Uniting with PNC is the only way of moving the CPP forward – Ade Sawyerr
I have been silent for the past eighteen months on the politics of Ghana hoping that things will get better for the country; but I have been disappointed that despite the promise of the last 53 years Ghana has yet to live up to the words our illustrious leader Osagyefo Dr Kwame Nkrumah spoke at independence, that ‘the black man is capable of running his own affairs’.
Of course the black man has proved that in a leadership position he is capable of feathering his own nest, and what little development money comes his way is either frittered on ostentatious consumption projects or finds its way back into the system of the donor countries in someone’s bank account or as bribes to the representative of the donors.
I have tried very hard to apportion blame and have looked at the performance of previous governments, civilian and military.
I cannot blame the CPP of Osagyefo Dr Kwame Nkrumah who led this country and the rest of Africa to independence. He did an excellent job for Ghana and Africa as a whole; and he cannot be blamed for the coup d’etat that cut short his time in office, a coup from which we continue to suffer because it emboldened others to take the gun to curtail our democracy and our development.
So I cannot exonerate military misadventures by dictators for the pillage and rape that they visited on us, and in the case of Ghana the banning of the CPP between 1966 and 2000, a good 34 years of preventing the only party of hope for the nation from participating in political activity.
It may be surprising that i want to blame the current CPP for our stunted development and growth and for the failure of Ghana and Africa and indeed all black countries that have been unable to fulfil their potential. I blame the current CPP because having shown so much promise of excellent performance it has consistently ended up getting less than 2% of the votes at elections but I resist the temptation to put all the blame on the leadership; I blame the membership more than the leaders because after all the leaders are selected from the membership.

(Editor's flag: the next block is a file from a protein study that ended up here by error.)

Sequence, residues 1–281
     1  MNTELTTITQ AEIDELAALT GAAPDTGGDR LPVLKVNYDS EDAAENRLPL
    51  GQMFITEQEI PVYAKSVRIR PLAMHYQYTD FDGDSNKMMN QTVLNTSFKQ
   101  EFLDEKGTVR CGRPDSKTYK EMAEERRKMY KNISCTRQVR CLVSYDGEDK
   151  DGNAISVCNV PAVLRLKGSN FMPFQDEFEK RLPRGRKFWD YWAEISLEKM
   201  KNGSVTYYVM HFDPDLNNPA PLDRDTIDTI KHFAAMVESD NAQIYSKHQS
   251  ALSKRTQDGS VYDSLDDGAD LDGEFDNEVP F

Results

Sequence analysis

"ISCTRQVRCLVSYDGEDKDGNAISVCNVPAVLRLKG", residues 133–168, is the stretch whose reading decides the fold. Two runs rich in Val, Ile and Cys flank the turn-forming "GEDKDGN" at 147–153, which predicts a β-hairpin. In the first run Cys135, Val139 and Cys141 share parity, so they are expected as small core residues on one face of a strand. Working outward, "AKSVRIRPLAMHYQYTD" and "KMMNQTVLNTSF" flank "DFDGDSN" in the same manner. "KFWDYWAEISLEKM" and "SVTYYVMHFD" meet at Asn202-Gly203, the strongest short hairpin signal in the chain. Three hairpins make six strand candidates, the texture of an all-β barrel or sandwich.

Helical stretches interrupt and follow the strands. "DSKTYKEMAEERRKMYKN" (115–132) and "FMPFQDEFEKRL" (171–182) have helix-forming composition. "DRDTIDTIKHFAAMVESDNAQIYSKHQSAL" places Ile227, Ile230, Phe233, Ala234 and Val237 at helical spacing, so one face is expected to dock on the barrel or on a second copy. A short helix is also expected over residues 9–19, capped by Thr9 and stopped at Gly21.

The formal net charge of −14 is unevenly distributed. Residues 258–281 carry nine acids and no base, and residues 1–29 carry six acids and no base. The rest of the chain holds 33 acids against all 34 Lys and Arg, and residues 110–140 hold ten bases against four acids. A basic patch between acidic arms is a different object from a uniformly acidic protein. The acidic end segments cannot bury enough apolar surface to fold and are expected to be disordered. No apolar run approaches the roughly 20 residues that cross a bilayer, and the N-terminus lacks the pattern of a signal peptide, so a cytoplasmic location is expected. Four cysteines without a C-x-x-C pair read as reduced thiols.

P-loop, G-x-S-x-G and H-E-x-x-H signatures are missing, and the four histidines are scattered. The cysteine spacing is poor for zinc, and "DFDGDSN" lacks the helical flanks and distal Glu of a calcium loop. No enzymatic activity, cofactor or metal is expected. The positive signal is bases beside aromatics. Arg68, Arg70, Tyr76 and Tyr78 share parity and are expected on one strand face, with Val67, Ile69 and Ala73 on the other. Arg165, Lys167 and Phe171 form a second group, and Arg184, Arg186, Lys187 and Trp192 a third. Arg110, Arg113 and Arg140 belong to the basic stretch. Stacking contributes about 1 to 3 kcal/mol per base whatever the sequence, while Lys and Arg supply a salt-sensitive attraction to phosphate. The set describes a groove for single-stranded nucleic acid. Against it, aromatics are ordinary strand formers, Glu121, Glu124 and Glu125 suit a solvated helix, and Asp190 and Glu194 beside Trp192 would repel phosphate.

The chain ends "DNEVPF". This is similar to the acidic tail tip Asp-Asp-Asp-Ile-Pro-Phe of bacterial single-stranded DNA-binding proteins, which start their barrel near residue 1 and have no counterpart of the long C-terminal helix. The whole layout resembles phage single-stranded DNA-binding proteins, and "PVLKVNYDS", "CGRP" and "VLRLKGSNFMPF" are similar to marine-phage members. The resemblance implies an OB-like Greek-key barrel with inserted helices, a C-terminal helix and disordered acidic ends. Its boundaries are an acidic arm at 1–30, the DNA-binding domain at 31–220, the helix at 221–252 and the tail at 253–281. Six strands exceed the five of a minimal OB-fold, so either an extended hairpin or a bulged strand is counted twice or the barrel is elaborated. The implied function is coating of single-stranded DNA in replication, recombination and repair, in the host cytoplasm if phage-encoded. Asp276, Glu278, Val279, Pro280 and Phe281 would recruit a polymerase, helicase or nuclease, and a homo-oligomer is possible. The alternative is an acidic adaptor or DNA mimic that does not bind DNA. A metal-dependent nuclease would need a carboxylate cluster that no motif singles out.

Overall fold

This party has consistently snatched defeat from the jaws of victory, as if it is plagued by a virulent strain of some virus that keeps eroding whatever small gains are made in attempts to rebuild the party.
Our leaders need reminding that power is not won in the courts but at the polling station. This business of leading members of the party constantly asking for the Supreme Court to seek a determination of actions taken by the legislature and the executive is not why we form political parties. For one thing, the judiciary is appointed by the executive and for another our leading members should be campaigning so that they are the people in the legislature taking the right decisions that should benefit the country.
So the cases filed by the leading members on the Vodafone sale and the recent case, again by leading members, on the STX case may alert people that the CPP intends to defend the people of Ghana against bad decisions by government but this signal is of no effect.
These episodic interventions and attempts to use the courts distract. especially since the suits are not filed by the party but by ‘leading’ members. They are divisive because they highlight the fact that the party has no position on these issues and the raise the stakes for disunity in full glare of the public. In the end these interventions amount to lame posturing that does not in anyway increase our performance in the polls and end up benefiting the larger opposition party at our expense. How sad.
We must remember that the judiciary will not win power for us! We must stop attempting to use the courts as a proxy for the hard work that will get us back in power. The courts have no power to make our candidates Members of Parliament and the courts have no power to make our flag bearer the President of the country, only the people of the country have that power; and we must spend all the time we have campaigning at the grassroots to get more members. If the voters think that there are too few of us they are more unlikely not to vote for us.